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1615209848 1280x720
Nintendo

Talking Point: Here’s Why You Shouldn’t Be Worried About The Rumoured Switch Pro’s 720p Screen

© Nintendo Life

The “Switch Pro” is on its way – at least, that’s what a report from Bloomberg is telling us. The outlet has spoken to a source close to Nintendo’s production line and has stated that an updated version of the console is coming soon, boasting a 7-inch, OLED panel with a 720p resolution.

While it’s also being reported that the new Switch will support 4K output when docked, many people have focused on the console’s built-in screen as a point of contention, voicing their displeasure at the fact that the panel isn’t getting a resolution bump over the LCD on the current model – something which seems, on paper at least, like an obvious place for improvement. For the record, the standard Switch has a 6.2-inch screen while the Switch Lite has a 5.5-inch panel. Both use LCD technology and offer a 720p image.

Thankfully, voices of reason have emerged online which point out that, even with a 7-inch screen, the 720p resolution is still “Retina” standard (a term coined by Apple that denotes a screen on which it is impossible to make out individual pixels when viewed from a distance of around 16 inches).

Given that some smartphones have smaller screens but higher resolutions, you might question this stance – especially when, under close scrutiny, it’s possible to pick out pixels on the current Switch’s 6.2-inch screen. However, when held at the suggested distance, few can argue categorically that pixelation is a serious problem – and issues of this kind are often down to the fact that the game you’re playing is rendering at a sub-720p resolution. That’s not the screen’s fault, but the software.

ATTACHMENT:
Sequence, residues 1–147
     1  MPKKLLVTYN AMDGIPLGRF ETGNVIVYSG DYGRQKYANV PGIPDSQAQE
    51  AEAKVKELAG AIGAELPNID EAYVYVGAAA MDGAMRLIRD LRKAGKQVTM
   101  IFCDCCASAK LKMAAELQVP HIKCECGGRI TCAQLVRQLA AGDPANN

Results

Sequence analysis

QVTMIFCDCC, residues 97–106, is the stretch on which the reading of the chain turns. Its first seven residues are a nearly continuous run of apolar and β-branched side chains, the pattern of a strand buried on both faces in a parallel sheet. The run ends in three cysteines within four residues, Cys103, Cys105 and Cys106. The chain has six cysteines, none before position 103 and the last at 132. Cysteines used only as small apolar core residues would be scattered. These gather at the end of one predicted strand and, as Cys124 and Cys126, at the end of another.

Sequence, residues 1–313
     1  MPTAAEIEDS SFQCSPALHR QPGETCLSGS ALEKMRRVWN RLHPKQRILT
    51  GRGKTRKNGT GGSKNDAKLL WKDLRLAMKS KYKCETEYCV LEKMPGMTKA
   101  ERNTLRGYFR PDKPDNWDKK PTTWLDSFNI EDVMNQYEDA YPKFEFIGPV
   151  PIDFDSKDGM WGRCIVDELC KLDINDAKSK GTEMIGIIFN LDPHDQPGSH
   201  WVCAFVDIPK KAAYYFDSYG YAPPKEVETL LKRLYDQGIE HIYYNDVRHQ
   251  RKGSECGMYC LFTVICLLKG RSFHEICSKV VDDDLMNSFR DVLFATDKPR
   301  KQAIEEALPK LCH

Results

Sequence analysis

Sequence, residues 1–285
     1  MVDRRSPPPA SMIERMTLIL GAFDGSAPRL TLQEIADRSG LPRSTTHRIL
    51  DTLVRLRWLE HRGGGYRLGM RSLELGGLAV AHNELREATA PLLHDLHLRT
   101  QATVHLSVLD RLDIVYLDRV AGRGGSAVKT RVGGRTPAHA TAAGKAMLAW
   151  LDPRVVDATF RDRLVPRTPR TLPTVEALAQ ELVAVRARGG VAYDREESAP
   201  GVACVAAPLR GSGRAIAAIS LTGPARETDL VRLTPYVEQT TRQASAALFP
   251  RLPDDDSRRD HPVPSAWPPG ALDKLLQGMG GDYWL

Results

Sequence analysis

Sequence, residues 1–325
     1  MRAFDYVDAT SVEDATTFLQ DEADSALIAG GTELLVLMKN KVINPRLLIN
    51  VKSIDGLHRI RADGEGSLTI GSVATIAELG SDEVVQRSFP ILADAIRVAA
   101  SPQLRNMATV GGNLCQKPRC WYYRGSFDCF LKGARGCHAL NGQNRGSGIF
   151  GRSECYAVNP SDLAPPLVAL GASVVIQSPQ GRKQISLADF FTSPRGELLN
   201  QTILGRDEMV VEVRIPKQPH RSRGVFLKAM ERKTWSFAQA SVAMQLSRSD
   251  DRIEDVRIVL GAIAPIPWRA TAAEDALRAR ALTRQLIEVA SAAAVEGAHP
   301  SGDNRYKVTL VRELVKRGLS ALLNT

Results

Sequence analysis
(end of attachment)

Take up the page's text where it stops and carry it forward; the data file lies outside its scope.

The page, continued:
While the Switch Pro would obviously benefit from a 1080p panel, it’s important to remember that more pixels mean more strain on the processor and battery, so it’s understandable that Nintendo has decided against increasing the resolution. It’s all about striking a balance between quality and stamina, and if you’re unlikely to notice a huge difference between a 720p screen and a 1080p one, is it really worth opting for the latter if it means you’ll get shorter battery life? The use of OLED technology – which delivers deeper, more convincing contrast and brighter colours – is the real reason to get excited about a Switch Pro, if you ask us.

Were you hoping that Nintendo would give us a 1080p screen on the new Switch? Or do you think 720p is plenty of pixels for a 7-inch panel? Let us know with a comment.

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